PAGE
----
We recently visited an exhibition at the Whitney Museum of American Art about the artist, Jasper Johns. He is one of the most influential American artists of our time as his work inspired and paved the way for a number of art movements including abstract expressionism, neo-dada, pop art, and conceptual art. Plus, he is still alive and working today at 91!
We personally felt so inspired by many of the works we saw that our notebook was bursting with ideas for
pieces that we would like to get inspired by.
The first project we decided to experiment with was inspired by the artwork above titled, Dancers on a Plane. Johns has said he was thinking about dancers on a stage. When you look at his marks you can see that there is a very specific order to the placement of the marks, the piece is broken into four sections and is symmetrical, it is rehearsed like the movements of dancers on a stage would be.
Though we did not make symmetrical art, my girls are still a little young for that, it would be a perfect element to introduce if you were doing this project with older children.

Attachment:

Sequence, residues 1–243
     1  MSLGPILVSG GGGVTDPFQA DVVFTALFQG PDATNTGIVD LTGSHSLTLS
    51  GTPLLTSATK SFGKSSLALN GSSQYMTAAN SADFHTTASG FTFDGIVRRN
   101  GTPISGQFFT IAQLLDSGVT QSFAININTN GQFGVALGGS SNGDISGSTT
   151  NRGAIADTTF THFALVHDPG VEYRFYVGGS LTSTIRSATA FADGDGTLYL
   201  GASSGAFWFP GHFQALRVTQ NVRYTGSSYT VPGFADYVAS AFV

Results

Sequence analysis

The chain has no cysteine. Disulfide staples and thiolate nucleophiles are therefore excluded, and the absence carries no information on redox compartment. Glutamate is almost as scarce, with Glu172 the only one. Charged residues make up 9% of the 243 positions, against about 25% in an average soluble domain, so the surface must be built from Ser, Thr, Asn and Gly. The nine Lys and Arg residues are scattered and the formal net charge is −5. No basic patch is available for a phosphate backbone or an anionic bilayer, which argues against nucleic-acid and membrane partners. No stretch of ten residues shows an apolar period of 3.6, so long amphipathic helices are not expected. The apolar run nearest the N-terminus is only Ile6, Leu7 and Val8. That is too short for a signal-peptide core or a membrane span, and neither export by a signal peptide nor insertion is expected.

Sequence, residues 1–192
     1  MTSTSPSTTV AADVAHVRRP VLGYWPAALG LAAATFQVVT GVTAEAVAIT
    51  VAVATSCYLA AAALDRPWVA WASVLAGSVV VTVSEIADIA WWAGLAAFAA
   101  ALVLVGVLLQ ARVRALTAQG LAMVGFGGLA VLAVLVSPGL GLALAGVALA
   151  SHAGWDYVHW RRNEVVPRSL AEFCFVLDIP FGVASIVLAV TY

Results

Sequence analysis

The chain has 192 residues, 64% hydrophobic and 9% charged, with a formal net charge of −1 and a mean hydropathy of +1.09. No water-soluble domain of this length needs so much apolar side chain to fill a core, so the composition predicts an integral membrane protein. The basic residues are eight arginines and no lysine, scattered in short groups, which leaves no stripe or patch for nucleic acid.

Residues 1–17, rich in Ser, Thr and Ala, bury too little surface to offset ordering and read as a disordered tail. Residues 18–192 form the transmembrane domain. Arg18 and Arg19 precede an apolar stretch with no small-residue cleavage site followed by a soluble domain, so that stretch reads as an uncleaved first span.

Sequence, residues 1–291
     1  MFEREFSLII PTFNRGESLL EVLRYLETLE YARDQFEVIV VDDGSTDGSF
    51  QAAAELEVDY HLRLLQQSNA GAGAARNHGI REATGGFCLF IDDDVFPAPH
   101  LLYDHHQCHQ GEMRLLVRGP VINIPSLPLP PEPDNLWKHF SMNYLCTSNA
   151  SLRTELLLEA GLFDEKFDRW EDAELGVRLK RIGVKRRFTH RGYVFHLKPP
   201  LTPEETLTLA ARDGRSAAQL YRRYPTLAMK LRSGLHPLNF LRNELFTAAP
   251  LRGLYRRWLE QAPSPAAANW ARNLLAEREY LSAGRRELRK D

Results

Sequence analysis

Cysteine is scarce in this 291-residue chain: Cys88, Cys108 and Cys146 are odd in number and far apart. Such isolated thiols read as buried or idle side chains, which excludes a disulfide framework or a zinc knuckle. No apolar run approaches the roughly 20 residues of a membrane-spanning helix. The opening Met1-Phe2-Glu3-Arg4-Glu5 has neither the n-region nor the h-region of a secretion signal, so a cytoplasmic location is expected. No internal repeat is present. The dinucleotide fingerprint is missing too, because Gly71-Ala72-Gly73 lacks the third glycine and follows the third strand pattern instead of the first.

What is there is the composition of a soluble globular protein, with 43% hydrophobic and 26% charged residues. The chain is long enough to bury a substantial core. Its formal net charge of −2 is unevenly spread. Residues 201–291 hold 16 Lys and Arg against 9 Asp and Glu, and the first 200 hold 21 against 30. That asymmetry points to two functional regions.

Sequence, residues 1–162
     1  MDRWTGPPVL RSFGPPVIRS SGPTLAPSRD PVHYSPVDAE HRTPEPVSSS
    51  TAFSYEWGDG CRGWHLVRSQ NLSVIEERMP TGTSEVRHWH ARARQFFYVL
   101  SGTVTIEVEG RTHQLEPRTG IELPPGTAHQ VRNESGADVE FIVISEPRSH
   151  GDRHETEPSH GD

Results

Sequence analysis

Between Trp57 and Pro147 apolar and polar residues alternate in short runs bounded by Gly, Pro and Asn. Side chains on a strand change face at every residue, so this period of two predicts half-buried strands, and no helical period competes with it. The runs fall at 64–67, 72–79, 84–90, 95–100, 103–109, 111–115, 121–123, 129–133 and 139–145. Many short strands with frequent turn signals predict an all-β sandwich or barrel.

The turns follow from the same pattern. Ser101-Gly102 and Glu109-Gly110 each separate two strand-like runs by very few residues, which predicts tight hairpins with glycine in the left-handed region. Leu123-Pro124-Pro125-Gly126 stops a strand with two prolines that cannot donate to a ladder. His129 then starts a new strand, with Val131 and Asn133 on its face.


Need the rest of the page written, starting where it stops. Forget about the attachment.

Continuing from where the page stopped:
For us though, the hatch marks reminded us of a fork, especially after noticing the utensils around the edge so that is what we started with.
- paint (we used acrylic paint)
- plastic utensils
- hot glue
First we picked a few colors to work with. Johns piece uses primary colors so you could stick with that or you could mix up 3 - 4 of your own favorite colors.
Then using forks we added marks to the canvas. My girls experimented with different ways the forks could leave marks and that is okay. You can leave this open ended. We like to use artworks as inspiration points, not something to be copied or recreated.
Once the paint dried we grabbed a bunch of plastic utensils and experimented with how we might like to place them around the canvas.
Once a final position was chosen I assisted with a glue gun and quickly glued them down.
The girls are very proud of their art and love to reference his work in daily life, which can come up often since we use utensils on a daily basis! That is one of my favorite benefits of learning about new artists, it helps them continue to make connections to something they learned about in their own personal lives, and that is a great skill to have!